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Is there a threat of high gasoline prices because of the low water level?

D.he Rhine currently has little water – and thus brings back memories of autumn 2018, when low water and transport difficulties drove gasoline prices in Germany to record highs. In the past few days, large ships have only been able to travel with half the usual cargo if they wanted to pass the tricky parts of the Rhine near Kaub not far from the Loreley rock.

This could also have consequences for the petrol price, says fuel expert Steffen Bock from the Clever-Tanken internet portal: “Low water tends to have an impact on fuel prices on water transport routes such as the Rhine – due to the distance from Rotterdam, especially in the south of the country.”

Higher oil prices on world markets

Most gasoline experts attribute the price increase for petrol and diesel since the beginning of November, which can be observed despite the “lockdown light”, to the increased price of crude oil on the world markets. From a situation like at the end of 2018, when the price for diesel at times reached 1.45 euros and that for Super E10 even 1.54 euros per liter, one is in any case a long way off, according to the Mineralölwirtschaftsverband and the Federal Association of German Inland Shipping.

“Basically, lower water levels lead to higher logistics costs, but we are a long way from a situation like in autumn 2018, especially since there is currently and in the medium-term forecast significant rainfall in the Rhine catchment area,” said a spokesman for the mineral oil industry association: “It there is sufficient transport capacity and therefore no restrictions on the Rhine. “The Inland Shipping Association says:” The water levels on the Rhine have been rising again for a few days – the situation in 2018 was completely different, as extremely low water levels prevailed for months and in some cases record lows were measured. ”This year, they are“ far away ”from such an exceptional situation.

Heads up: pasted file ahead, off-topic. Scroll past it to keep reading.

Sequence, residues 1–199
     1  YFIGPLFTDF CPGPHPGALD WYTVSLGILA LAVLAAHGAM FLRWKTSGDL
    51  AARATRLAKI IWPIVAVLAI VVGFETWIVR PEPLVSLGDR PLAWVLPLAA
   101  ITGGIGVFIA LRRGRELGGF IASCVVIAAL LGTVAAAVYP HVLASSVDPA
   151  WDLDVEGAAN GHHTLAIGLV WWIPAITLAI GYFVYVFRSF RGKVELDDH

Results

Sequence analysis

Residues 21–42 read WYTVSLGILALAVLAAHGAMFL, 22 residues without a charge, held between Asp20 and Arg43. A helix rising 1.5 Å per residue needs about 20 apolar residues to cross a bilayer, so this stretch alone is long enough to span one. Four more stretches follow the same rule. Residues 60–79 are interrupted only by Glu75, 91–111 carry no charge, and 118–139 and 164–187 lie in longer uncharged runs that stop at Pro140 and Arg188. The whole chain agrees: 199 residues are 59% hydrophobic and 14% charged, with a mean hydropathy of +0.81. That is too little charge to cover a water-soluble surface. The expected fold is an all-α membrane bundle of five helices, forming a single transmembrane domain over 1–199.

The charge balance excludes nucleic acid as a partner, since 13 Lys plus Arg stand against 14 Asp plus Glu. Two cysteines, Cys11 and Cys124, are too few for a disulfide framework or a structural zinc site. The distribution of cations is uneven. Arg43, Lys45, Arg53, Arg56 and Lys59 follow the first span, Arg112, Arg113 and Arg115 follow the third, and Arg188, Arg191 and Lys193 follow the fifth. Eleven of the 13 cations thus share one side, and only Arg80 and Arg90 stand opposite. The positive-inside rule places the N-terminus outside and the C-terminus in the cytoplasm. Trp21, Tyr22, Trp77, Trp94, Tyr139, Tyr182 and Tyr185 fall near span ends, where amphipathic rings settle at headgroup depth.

Another major difference to 2018, in addition to the extent and duration of the low water: The demand for gasoline is currently much lower than it was then. Even if the traffic is no longer as quiet as it was during the first lockdown in spring, it remains significantly reduced. Especially the rush hour traffic is lower. The figures for gasoline sales in Germany are still well below those of the previous year. The last published sales volumes showed a decrease of 10.2 percent for gasoline and 7.9 percent for diesel. Accordingly, petrol stores do not run out of fuel that quickly. Before the shortages result in noticeably higher prices, a lot has to come together.

There were gas station boycotts two years ago

Nevertheless, petrol and diesel are no longer as cheap as they were recently. On a nationwide average, a liter of diesel now costs EUR 1.088 and a liter of Super E10 costs EUR 1.217, reports the ADAC car club. Since the beginning of November the prices for both types of fuel have increased, for diesel by around 5 cents and for Super E10 by 4 cents per liter. One does not want to rule out that the low water also played a role regionally, said an ADAC spokesman. But this cannot be said for sure based on the statistics. On a weekly basis, the price of diesel rose by 0.8 cents, while that for Super E10 fell by 0.3 cents.

Two years ago, the sharp rise in gasoline prices in the fall sparked debate. There had even been calls to boycott gas stations on certain days. Many motorists were suspicious of whether the extreme prices were really caused by the low water level – or whether those involved in the value chain had expanded their margins under this pretext. Energy specialist Manuel Frondel from the research institute RWI published an analysis according to which the low water level was a “major reason” for the high fuel prices – if not the only one.

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